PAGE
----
Perhaps you've had family out from Idaho and taken them to the Newport Harbor area for a Balboa Bar and some sightseeing. Maybe they noticed the automobiles floating on water thanks to the Balboa Ferry and decided to snap some pictures of the scene with a cell phone camera.
Those who take such photos may wind up in a government database tracking suspected terrorists.
The Washington Post uses a similar example in a "Monitoring America" expose on the FBI's information database in this post 9/11 age.
As far as the government is concerned, the person snapping the photo of the ferry could be a sightseer or he/she could be an intelligence-gatherer for a nefarious group planning to blow the thing up. It's better to be safe than Ground Zero, reason the feds, who have made tracking homeland terror threats Job One.
And so, a file is opened on suspicious shooters. As an example, the WaPo focuses on the report taken on a man taking pictures in Newport Harbor one Sunday morning in late September.
Suspicious Activity Report N03821 says a local law enforcement officer observed "a suspicious subject . . . taking photographs of the Orange County Sheriff Department Fire Boat and the Balboa Ferry with a cellular phone camera." The confidential report, marked "For Official Use Only," noted that the subject next made a phone call, walked to his car and returned five minutes later to take more pictures. He was then met by another person, both of whom stood and "observed the boat traffic in the harbor." Next another adult with two small children joined them, and then they all boarded the ferry and crossed the channel.
What becomes of such a report? In this case, a local officer ran the vehicle's license plate number and owner through several crime databases. Though nothing came up, the report was forwarded to the Los Angeles "fusion center" for further investigation.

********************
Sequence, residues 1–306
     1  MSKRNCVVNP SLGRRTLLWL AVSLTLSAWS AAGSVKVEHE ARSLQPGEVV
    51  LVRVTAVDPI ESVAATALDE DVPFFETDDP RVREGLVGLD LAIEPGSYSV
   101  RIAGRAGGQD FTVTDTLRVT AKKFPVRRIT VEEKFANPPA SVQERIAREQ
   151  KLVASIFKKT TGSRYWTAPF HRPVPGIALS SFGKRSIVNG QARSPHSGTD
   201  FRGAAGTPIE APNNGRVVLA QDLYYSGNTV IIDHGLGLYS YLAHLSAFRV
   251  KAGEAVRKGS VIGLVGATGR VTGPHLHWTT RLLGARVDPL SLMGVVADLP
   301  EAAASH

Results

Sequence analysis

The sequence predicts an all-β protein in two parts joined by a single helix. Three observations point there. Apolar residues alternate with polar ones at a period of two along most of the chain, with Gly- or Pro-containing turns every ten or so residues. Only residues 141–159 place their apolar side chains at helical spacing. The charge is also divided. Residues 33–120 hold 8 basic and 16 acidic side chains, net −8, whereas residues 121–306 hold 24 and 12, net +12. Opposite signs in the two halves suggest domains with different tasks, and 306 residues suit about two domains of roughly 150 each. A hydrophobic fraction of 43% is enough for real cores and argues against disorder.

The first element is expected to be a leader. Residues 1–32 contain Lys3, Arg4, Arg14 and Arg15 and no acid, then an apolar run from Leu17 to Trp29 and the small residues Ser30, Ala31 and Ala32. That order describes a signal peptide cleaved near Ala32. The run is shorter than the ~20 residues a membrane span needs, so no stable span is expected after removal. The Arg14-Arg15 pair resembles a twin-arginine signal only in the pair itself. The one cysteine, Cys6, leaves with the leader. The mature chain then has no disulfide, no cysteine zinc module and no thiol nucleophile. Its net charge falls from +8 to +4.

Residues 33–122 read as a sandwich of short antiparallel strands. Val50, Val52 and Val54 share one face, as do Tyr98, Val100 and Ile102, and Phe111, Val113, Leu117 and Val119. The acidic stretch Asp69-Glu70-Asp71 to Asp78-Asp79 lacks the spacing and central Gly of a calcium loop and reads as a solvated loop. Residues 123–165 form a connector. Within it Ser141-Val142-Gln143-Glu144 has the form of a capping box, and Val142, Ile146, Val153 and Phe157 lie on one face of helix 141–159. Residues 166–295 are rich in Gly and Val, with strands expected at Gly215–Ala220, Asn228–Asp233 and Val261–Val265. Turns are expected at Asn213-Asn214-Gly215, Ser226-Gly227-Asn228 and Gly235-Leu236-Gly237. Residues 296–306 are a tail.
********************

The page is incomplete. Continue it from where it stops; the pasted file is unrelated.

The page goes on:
Authorities would not tell the Post what happened to the suspicious activity report from that point, but reporters Dana Priest and William M. Arkin write that an officer at the fusion center could dismiss the suspicious activity as harmless or forward the report to the nearest FBI terrorism unit for further investigation.
Reports that reach the unit are immediately entered into the Guardian database, according to the article, which reports the FBI could go on to collect more information. If no connection to terrorism is found, the filed could be marked closed (though the report would remain in the database). If a connection is found, a full-fledged case could begin.
Or, as most often happens, it could make no specific determination, which would mean that Suspicious Activity Report N03821 would sit in limbo for as long as five years, during which time many other pieces of information about the man photographing a boat on a Sunday morning could be added to his file: employment, financial and residential histories; multiple phone numbers; audio files; video from the dashboard-mounted camera in the police cruiser at the harbor where he took pictures; and anything else in government or commercial databases "that adds value," as the FBI agent in charge of the database described it.
Little Brother is watching you, too: the bureau is exploring cross-sharing such information with local law enforcement and mapping all such "suspicious" incidents by jurisdiction.
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Some may adhere to the if-you've-done-nothing-wrong-you-have-nothing-to-fear philosophy. But the use--and, more importantly, possible misuse--of such information alarms civil libertarians.
"It opens a door for all kinds of abuses," Michael German, a former FBI agent who now leads the ACLU's campaign on national security and privacy matters, tells the Post. "How do we know there are enough controls?"
The FBI says fear not., that their agents have been trained in privacy rules and the penalties for breaking them.
Such words will warm my heart when I'm rotting in Guantánamo because of hits from my ferry photography, unpaid parking tickets and lunch with friends at the local mosque.